Michael D Wesson, OD, MS, FAAO

Sunglasses have been available for many years. Contrary to standard sunglasses that are constructed by dipping lenses in special dyes to obtain the color and density (darkness) wanted, polarized lenses are layered by having a very thin film of material sandwiched between clear material such as plastic, polycarbonate or glass. This thin film has a special property called polarization that dramatically reduces light scatter inherent in all regular light sources such as sunlight. When sunlight is reflected off any shiny surface such as water, snow, and auto surfaces, light rays are scattered in all directions. Light entering the eye in these many directions create what we refer to “glare”, a very uncomfortable condition that can cause headaches, tearing, and sunlight aversion.

Testing Polaroid Glasses

The polarized film limits the direction that light can pass through the film by letting light enter the eye from one specific orientation, usually vertical. This eliminates most of the glare. The quality of the polarized material plays a part in the efficiency of the selective orientation. How can you tell if the material is acceptable quality? It’s easy. Pick up two identical Polaroid sunglasses and look through one lens while rotating another lens in front of the first lens. There should be a point where no light passes through the lens combination. Perfect cancellation suggests acceptable quality. Also the film should be oriented so that the two lenses are at right angles to each other with one pair of glasses straight across as if the glasses are being worn. That’s it!

Advantages and Disadvantages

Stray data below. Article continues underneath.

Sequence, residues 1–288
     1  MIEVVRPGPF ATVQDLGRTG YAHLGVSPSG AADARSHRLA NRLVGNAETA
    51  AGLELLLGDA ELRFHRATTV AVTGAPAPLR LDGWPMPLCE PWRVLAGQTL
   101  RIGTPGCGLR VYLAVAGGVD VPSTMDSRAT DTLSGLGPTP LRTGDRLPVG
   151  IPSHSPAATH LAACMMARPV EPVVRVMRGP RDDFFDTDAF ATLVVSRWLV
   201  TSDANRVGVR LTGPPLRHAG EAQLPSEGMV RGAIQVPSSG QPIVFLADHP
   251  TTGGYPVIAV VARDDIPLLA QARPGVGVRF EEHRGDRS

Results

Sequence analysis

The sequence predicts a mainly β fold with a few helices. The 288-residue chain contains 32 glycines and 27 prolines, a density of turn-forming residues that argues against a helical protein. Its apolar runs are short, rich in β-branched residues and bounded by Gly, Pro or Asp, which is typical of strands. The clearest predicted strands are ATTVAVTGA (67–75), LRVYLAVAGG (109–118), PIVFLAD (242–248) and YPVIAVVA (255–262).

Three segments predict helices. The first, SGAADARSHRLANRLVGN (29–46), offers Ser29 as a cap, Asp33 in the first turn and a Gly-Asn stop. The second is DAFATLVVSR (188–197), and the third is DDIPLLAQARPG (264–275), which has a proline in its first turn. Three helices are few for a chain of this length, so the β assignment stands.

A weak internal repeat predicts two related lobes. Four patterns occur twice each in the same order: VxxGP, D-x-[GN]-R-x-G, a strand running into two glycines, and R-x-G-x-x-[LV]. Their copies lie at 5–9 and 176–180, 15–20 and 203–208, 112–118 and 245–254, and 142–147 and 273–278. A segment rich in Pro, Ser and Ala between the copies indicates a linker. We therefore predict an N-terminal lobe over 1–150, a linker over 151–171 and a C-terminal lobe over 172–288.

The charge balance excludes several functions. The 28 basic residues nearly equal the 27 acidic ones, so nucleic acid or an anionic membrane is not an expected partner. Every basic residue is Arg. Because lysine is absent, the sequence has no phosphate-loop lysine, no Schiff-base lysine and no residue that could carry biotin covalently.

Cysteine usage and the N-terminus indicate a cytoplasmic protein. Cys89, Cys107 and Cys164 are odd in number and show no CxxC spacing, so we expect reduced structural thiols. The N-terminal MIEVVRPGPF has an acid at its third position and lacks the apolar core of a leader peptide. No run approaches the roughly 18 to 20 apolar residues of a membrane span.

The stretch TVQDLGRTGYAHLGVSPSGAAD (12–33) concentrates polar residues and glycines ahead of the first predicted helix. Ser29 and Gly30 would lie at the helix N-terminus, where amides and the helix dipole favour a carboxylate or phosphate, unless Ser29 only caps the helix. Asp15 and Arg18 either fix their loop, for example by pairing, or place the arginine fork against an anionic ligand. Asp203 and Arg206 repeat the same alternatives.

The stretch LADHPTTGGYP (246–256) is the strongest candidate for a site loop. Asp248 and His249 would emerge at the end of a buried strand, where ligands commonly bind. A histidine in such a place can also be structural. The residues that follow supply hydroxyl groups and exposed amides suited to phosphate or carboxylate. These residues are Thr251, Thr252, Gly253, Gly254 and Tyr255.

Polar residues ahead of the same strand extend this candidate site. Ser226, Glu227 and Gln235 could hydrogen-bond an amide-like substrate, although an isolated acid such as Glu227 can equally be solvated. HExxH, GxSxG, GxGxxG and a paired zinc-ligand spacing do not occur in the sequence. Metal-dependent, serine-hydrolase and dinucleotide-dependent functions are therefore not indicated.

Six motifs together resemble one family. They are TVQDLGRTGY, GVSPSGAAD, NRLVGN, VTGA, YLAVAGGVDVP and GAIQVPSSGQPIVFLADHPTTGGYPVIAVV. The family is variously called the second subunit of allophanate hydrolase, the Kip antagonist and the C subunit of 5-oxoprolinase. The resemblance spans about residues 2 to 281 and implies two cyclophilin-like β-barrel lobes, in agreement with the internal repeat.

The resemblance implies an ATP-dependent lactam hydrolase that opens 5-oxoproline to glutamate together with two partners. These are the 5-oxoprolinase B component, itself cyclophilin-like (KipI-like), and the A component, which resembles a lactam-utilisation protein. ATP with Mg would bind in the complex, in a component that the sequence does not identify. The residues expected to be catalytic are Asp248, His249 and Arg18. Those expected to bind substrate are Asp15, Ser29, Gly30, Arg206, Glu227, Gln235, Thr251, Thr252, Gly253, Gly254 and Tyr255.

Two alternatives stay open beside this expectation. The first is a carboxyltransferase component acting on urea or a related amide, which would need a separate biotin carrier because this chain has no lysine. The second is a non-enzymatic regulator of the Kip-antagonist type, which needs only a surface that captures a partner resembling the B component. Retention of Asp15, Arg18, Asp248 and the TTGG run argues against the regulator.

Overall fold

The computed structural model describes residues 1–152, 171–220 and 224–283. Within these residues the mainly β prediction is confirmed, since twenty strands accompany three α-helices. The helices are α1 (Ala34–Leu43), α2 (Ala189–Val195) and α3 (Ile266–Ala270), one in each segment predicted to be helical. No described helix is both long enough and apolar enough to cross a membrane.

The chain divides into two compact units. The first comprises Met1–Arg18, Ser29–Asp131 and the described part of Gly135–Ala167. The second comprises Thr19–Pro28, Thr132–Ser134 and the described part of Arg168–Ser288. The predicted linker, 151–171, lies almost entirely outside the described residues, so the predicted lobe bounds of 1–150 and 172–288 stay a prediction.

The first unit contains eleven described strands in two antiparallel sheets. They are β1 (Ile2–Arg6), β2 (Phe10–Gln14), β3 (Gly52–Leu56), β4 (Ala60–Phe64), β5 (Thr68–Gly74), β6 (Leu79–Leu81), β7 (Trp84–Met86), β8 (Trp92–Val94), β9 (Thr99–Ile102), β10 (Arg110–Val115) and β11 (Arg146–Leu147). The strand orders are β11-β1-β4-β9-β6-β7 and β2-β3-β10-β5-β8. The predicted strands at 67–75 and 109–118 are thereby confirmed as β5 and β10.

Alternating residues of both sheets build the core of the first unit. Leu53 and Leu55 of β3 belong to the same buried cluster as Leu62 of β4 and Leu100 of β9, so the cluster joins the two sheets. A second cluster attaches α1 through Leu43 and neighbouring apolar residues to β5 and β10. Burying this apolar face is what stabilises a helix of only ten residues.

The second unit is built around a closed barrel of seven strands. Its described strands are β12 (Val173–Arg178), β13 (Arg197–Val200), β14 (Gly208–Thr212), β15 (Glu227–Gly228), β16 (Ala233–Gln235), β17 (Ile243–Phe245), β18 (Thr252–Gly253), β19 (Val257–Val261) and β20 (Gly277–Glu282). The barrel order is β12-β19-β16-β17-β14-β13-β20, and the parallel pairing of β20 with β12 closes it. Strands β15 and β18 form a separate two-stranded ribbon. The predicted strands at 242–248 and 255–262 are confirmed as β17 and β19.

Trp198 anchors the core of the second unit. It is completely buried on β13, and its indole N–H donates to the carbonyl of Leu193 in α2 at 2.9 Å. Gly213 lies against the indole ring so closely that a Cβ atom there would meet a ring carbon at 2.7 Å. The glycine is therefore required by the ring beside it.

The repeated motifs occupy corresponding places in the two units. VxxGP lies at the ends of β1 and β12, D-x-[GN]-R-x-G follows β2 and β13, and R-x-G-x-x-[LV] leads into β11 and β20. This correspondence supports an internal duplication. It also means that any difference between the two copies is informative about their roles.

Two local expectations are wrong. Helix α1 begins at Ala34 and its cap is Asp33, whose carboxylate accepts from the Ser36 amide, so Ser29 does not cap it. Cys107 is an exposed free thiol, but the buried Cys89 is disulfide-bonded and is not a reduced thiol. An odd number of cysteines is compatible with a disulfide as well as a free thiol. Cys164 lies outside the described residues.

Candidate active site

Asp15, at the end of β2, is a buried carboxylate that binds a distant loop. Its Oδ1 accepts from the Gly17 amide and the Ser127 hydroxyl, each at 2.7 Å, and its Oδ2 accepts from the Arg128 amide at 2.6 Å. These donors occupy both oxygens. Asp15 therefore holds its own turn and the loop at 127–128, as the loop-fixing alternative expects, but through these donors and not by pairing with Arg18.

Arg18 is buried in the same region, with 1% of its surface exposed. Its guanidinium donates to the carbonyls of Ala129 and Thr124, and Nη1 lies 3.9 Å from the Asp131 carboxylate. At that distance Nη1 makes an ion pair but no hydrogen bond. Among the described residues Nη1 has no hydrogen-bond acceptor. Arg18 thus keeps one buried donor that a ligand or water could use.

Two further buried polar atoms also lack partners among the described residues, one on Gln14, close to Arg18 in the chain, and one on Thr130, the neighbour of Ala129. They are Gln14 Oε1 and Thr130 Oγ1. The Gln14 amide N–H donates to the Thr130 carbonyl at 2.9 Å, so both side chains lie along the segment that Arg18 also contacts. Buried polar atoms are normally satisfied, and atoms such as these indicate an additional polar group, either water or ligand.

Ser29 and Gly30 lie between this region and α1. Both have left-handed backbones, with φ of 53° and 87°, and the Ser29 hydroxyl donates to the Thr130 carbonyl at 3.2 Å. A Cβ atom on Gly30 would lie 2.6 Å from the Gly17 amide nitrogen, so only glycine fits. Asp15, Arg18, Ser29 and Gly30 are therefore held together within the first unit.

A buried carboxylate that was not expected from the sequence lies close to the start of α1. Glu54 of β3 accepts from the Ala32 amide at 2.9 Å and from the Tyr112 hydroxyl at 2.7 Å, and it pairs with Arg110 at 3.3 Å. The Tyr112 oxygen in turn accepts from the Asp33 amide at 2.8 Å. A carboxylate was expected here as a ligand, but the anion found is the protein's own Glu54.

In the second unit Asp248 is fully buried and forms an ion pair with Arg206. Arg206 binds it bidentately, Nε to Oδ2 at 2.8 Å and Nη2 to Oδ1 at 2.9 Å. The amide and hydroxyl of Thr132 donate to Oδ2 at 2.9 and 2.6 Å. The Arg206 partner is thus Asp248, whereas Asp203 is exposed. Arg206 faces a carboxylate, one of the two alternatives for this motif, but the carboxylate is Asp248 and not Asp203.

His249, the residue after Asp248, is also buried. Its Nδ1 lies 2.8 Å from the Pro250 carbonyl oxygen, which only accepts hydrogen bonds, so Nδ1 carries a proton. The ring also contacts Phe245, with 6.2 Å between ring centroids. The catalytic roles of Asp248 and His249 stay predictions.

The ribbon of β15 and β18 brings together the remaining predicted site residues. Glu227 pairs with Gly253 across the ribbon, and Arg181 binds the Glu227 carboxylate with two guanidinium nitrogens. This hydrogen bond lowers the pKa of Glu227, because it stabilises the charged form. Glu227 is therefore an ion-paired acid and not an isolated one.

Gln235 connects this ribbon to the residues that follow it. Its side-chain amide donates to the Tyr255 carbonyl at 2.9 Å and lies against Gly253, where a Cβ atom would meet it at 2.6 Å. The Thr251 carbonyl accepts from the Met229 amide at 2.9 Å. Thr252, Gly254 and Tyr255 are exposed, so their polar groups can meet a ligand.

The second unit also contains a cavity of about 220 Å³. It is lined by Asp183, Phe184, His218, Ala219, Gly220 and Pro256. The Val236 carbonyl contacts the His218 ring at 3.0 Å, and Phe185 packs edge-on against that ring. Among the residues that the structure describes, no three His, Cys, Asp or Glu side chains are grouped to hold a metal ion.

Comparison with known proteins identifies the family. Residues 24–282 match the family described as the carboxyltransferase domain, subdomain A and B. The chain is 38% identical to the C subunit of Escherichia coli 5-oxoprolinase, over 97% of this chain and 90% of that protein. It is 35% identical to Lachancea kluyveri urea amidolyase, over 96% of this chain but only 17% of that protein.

Are there other advantages of wearing polarized lenses other than glare elimination or reduction? Indirectly it should eliminate headaches if caused by glare. In addition the ability to see in water is greatly enhanced and the ability to see objects more clearly is also improved. In both cases this is because only rays of light with one orientation are being seen and this improves object contrast.
There are also disadvantages with Polaroid lenses. One major problem happened to me. I had installed a flow meter on my boat to measure gallons used at different engine speeds. It was a difficult installation and a friend of mine and I went out for the maiden run. I had him record the fuel usage as I changed speeds. It seemed to work fine but when I looked at the gage I could not see it clearly (interesting for an eye doctor). When the run was finally completed we headed back in and I took my Polaroid sunglasses off. Boy- was I surprised. The gage was crystal clear! I had experienced the effect of polarization on “liquid crystal displays”. This type of display is found in automobile dashboards, airplane gages and boats. I examined a patient who complained that she could not see her reflected gages. She brought the car back to the dealer several times before she realized her polarized lenses were blocking her vision.

Does Lens Thickness Matter?

Finally there is some mention in the literature about different thicknesses of non- prescription Polaroid glasses. I did some in–house research on different brands of Polaroid sunglasses with the help of my assistant and one of our Opticians. We examined 9 different brands and found that although they all worked well as sunglasses, there was definite differences in thickness. Four brands had a thickness of 2.0 mm. One of the brands was glass and the other three were polycarbonate. The other five brands were all plastic lenses with thicknesses varying from 1.0 mm to as little as 0.06 mm. I suggest that when you purchase sunglasses consider buying those that are polycarbonate. The major advantage of these thicker sunglasses is eye safety and has nothing to do with their polarization.
In conclusion, Polaroid sunglasses are far more rewarding than regular sunglasses.